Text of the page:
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LETTER TO EDITOR
Year : 2004  |  Volume : 52  |  Issue : 2  |  Page : 270-271

Authors' Reply


Department of Neurology, All India Institute of Medical Sciences, C.N.Centre, Ansari Nagar, New Delhi - 110 029, India

Correspondence Address:
Department of Neurology, All India Institute of Medical Sciences, C.N.Centre, Ansari Nagar, New Delhi - 110 029, India



How to cite this article:
Behari M, Srivastava A K, Sardana V, Prasad K. Authors' Reply. Neurol India 2004;52:270-1


How to cite this URL:
Behari M, Srivastava A K, Sardana V, Prasad K. Authors' Reply. Neurol India [serial online] 2004 [cited 2021 Apr 23];52:270-1. Available from: https://www.neurologyindia.com/text.asp?2004/52/2/270/11067


Sir,
We appreciate the comments and would like to clarify the issues raised:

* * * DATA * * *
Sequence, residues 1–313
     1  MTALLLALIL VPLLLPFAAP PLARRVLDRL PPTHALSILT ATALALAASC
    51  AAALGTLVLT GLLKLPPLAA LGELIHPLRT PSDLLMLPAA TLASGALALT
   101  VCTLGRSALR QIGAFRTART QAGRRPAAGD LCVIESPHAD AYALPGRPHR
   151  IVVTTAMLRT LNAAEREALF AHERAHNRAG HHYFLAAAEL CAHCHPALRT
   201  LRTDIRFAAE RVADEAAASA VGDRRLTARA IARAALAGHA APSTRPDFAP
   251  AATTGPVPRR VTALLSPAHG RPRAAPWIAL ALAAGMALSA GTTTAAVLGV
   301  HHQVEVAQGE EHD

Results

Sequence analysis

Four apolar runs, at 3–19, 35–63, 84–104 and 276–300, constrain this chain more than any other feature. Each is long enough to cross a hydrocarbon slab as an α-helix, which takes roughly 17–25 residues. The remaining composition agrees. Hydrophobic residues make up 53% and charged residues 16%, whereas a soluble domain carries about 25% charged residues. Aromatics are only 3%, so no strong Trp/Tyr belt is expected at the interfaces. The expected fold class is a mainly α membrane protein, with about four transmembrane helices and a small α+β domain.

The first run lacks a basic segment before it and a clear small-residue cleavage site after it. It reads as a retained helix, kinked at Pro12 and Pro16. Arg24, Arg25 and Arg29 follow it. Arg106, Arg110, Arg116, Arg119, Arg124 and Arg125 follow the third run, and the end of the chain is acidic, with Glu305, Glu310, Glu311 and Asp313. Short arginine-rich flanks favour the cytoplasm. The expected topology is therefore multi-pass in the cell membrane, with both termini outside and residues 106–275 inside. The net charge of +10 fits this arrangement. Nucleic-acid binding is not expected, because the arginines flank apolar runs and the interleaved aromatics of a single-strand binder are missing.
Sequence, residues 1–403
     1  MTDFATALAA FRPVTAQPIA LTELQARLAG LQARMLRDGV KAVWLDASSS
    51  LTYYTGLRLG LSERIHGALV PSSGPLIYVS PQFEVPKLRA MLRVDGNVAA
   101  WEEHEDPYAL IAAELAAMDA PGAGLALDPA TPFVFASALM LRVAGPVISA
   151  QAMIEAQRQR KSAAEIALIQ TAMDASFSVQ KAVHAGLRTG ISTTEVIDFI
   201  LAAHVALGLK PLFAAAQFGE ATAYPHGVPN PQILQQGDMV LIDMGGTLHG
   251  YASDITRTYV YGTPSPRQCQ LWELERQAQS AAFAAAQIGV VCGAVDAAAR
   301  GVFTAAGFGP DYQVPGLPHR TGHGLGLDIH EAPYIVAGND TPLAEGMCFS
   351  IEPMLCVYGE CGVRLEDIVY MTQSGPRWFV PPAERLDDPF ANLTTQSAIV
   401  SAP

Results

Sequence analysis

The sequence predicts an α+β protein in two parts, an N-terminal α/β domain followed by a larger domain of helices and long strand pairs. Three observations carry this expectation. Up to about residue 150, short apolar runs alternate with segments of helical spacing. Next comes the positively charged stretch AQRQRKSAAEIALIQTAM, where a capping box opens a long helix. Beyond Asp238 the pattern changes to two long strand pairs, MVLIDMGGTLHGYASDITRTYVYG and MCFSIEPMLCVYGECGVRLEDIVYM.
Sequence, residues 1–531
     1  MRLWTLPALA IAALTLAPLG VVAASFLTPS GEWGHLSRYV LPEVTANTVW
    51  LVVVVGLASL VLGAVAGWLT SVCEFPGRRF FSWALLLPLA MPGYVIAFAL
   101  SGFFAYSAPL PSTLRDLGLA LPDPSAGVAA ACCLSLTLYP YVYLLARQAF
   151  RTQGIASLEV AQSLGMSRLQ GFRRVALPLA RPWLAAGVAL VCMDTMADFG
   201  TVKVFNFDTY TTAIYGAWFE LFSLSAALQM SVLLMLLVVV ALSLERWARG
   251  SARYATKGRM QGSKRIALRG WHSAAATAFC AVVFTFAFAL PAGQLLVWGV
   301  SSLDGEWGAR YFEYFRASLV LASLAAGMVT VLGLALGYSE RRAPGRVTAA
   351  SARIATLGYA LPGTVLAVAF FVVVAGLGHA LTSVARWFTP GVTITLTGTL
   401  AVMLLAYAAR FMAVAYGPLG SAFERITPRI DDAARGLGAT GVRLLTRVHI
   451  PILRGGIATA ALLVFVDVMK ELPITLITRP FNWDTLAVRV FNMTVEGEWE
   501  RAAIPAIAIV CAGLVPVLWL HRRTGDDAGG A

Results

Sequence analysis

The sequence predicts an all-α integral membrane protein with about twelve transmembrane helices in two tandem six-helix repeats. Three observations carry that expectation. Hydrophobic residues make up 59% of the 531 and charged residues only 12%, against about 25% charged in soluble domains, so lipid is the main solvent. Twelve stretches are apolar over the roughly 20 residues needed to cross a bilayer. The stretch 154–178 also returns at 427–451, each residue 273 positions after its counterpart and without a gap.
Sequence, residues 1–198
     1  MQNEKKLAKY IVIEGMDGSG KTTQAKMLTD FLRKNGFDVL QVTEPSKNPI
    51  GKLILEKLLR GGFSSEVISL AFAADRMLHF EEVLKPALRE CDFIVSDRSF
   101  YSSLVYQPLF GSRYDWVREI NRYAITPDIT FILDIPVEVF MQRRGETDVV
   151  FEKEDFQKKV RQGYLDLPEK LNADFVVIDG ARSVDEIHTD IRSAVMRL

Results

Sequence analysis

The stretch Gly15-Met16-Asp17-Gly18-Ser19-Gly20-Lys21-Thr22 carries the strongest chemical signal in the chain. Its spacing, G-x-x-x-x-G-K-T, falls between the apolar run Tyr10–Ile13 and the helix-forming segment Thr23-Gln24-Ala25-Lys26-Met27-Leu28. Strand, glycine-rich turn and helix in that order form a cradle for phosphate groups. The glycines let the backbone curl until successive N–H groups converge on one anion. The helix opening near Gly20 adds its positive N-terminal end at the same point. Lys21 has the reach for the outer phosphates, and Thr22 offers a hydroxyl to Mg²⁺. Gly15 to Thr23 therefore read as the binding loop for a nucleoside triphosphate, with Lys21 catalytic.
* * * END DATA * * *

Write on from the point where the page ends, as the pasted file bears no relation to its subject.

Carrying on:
1. History of dog bite: It is known that the most common cause of rabies is dog bite but in a small number rabies is caused by other animal bite as well. However, the dilemma arises in a patient bitten by dog and the question which arises is if the flaccid weakness is due to paralytic rabies or post antirabies vaccine polyradyculopathy.
2. Incubation period: Though the mean incubation period in paralytic rabies is 49 days. There are case in whom symptoms of paralytic rabies occurs earlier.
3. Sphincter disturbance and sensory symptoms if occur are helpful in diagnosing a case as paralytic rabies. However, it may not be present in early stages in most cases.
4. We agree that disease progression is rather rapid and downhill in paralytic rabies but is not useful at the time of presentation.
5. Abnormality on magnetic resonance imaging is observed in paralytic rabies and was emphasized in the report.
The point that we wished to raise were the difficulties encountered in such a situation especially in the first few days and tips to differentiate the two conditions.
 

 

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Online since 20th March '04
Published by Wolters Kluwer - Medknow